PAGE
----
Changes in Handwriting Education Leaves Teens with Poor Penmanship

...Teens who can't write legibly -- multimillionaire teen celebrities aside -- do suffer. Even though many children use computers to write papers at home, most writing done within the school walls is still done by hand. (The country's ongoing economic problems won't likely add many computers to our nation's public school classrooms in the next few years.)

"Without it [cursive handwriting] you lose the sense of having your thought process through your hand movements to create your language and thoughts to someone else," says Michael Sull, a master penman in Spencerian script; past president of the International Association of Master Penmen, Engrossers and Teachers of Handwriting; and author of four books on handwriting including, "American Cursive Handwriting," which was released last month. "There is a great loss in the progress that could be made with children fostering their motor skill development, literacy training and concepts of communication."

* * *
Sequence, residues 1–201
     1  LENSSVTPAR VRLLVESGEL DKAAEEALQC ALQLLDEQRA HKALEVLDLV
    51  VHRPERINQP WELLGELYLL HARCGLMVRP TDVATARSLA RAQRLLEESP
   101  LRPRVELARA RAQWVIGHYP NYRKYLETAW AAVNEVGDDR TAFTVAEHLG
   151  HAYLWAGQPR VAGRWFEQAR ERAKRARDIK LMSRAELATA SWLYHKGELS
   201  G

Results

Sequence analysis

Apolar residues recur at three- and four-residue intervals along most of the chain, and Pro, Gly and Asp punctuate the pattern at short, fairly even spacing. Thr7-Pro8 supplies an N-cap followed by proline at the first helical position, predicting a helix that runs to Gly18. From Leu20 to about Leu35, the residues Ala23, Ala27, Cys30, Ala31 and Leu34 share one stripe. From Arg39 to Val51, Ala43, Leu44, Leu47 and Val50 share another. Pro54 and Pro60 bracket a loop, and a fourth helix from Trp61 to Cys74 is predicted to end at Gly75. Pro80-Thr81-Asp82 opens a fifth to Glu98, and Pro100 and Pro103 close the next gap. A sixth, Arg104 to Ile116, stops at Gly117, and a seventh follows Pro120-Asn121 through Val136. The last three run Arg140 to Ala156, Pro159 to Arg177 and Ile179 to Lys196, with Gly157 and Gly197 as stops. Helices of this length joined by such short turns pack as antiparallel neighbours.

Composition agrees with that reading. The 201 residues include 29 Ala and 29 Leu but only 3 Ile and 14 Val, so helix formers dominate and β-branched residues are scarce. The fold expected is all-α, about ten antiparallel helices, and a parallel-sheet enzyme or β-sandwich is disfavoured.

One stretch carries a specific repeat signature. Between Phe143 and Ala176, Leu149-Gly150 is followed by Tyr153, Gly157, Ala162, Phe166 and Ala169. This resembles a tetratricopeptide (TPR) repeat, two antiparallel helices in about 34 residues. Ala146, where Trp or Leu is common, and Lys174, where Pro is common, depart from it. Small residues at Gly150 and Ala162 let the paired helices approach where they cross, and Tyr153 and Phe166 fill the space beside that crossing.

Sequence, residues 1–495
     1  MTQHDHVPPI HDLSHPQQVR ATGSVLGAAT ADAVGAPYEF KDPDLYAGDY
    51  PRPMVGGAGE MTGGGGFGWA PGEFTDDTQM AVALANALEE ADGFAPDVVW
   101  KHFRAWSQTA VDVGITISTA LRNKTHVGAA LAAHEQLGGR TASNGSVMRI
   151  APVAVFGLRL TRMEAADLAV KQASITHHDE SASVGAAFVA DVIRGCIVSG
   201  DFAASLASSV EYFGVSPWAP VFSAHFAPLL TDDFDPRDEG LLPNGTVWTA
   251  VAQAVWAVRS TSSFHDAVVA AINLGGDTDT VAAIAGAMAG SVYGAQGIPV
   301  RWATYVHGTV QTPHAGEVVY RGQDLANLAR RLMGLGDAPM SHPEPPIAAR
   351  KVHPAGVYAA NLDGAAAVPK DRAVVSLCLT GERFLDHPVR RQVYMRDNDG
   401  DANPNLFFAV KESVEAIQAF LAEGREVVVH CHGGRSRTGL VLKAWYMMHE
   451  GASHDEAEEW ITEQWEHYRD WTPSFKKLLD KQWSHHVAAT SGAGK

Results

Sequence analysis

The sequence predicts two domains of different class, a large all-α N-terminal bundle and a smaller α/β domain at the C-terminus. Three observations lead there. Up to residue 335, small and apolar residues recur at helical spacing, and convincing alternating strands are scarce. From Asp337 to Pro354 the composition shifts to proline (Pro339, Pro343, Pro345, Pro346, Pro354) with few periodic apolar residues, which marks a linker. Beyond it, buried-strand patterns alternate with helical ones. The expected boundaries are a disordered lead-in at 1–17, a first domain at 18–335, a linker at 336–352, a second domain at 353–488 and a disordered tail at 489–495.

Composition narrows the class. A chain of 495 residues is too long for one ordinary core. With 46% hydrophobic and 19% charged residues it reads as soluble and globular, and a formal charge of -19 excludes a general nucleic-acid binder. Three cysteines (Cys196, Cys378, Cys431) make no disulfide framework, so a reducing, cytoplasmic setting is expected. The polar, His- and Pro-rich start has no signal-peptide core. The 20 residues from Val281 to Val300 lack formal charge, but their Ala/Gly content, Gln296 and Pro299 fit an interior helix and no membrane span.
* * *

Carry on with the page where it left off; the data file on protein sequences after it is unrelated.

Sloppiness makes the reader think the writer's ideas aren't any good, studies show. "If you have sloppy handwriting, people make [negative] judgments about the quality of your ideas," says Steven Graham, professor of education at Vanderbilt University.

And poor handwriting slows down the writer. If you write slowly, your hand may not be able to keep up with your mind's attempt to have a thought, form it into a sentence and remember it long enough to write it down. "Until you can do this skill quickly and without thinking, it will interfere with your output," says Graham. "You better learn to write."

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